Feedback loops and adaptive management are inherently complex. There is a reason many feedback systems in education programming, especially in crisis/conflict affected regions, either don’t exist or are broken in some way. Canadian writer Laurence J. Peter once wrote, “Some problems are so complex that you have to be highly intelligent and well informed just to be undecided about them.” This resonates as true in the field of feedback loops for reasons USAID ECCN’s Ash Hartwell has addressed in his Adaptive Management blog series.
The good news is that incorporating feedback into your programming doesn’t have to be arduous or near-impossibly complex. We have gathered five quick and digestible links about feedback systems in developing countries.
- USAID’s infographic on Feedback and Performance Tracking This attractive infographic depicts lessons learned by USAID’S CLA (Collaborating, Learning, Adapting) team as they used performance trackers to make valuable program adjustments.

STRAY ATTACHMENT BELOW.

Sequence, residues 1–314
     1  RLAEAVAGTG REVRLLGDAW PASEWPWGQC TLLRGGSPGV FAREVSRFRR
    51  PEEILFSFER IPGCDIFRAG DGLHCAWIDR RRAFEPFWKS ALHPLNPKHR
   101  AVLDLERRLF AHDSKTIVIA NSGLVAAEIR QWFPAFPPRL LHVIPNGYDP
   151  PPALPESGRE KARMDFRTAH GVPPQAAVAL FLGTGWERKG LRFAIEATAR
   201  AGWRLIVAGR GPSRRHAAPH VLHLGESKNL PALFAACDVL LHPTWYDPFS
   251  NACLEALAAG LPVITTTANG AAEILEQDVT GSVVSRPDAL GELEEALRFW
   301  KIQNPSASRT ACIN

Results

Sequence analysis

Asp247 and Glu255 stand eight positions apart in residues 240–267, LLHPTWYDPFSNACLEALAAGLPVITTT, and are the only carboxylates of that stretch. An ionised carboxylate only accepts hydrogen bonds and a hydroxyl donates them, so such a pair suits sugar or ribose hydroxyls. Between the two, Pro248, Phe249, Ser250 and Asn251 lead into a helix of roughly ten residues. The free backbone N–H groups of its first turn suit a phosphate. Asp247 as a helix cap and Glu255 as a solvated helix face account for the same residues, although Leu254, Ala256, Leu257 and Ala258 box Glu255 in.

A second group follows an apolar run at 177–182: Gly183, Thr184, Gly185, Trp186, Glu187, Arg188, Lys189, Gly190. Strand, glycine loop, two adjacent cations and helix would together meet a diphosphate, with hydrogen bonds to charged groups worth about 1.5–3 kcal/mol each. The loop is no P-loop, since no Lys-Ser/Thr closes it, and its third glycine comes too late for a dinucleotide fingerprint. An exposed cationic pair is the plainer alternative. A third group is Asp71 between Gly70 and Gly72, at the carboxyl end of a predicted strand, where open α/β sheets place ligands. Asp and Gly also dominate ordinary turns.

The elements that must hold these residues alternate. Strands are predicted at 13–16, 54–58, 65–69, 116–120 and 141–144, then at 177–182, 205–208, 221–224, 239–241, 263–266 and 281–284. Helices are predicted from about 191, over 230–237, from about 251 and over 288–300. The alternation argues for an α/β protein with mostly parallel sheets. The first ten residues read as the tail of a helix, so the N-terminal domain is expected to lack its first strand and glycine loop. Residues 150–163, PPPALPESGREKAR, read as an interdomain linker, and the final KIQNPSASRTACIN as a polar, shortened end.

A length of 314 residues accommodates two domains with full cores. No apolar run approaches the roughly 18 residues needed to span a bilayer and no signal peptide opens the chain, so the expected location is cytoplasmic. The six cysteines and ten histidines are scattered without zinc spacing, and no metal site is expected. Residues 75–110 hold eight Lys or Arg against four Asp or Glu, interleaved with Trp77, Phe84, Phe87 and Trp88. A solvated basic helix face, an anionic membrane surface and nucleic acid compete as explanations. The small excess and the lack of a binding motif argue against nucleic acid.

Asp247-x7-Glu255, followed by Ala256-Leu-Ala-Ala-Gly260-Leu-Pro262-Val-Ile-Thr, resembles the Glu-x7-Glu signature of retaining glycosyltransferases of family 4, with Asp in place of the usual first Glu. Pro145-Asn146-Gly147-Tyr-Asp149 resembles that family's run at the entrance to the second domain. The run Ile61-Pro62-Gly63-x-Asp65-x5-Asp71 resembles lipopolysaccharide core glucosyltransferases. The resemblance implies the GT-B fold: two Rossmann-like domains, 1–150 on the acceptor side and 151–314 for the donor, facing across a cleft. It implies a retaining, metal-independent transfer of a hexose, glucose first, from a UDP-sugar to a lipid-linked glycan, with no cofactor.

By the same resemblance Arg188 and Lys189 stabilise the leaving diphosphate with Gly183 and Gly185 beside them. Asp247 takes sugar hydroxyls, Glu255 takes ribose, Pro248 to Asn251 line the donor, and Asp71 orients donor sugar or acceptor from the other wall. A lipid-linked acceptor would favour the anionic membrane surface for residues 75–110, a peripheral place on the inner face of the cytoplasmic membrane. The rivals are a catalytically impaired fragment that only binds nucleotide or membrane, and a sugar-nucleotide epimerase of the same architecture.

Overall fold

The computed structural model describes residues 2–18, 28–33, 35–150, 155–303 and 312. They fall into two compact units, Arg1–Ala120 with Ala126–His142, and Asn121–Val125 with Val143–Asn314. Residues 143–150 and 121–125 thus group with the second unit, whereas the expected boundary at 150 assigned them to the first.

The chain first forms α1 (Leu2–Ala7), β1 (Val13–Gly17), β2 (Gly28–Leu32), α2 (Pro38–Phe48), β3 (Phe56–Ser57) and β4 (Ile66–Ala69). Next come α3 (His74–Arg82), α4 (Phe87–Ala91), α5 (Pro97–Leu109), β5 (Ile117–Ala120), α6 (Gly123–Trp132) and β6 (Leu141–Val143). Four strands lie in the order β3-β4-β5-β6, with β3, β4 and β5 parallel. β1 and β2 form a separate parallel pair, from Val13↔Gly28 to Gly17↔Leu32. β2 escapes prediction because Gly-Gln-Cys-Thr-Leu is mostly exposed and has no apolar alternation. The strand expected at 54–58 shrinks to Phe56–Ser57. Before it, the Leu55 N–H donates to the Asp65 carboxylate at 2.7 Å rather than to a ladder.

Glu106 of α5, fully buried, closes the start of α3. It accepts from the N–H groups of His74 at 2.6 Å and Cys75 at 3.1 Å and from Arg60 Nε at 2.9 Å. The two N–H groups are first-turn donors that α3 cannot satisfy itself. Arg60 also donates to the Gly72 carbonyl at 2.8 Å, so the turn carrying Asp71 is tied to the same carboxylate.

- Engineers without Borders Case Study. This single-page PDF shows how feedback was used to generate a solution that felt counterintuitive to all involved but ultimately was successful.
- Are you Really Listening? This read is as quick and easy as it is illuminating. Input from 2700 aid recipients in regions affected by crisis and conflict was condensed into a list of the five most common concerns about feedback systems in international aid.
- Citizen Feedback in Post-Earthquake Nepal In this mini case study, a simple feedback system was employed to greatly improve distribution of resources to earthquake victims.
- Ten Takeaways from a Feedback Summit A thought provoking and inspiring short list of emerging issues in feedback.
Do you have other quick reads in feedback that we should be aware of? Are you yourself using a feedback loop in educational programming to good/mixed/not-so-good effect? We want to hear your success stories and challenges. Connect with us by emailing us at email@example.com or tweet your example to us at @EdCCnetwork.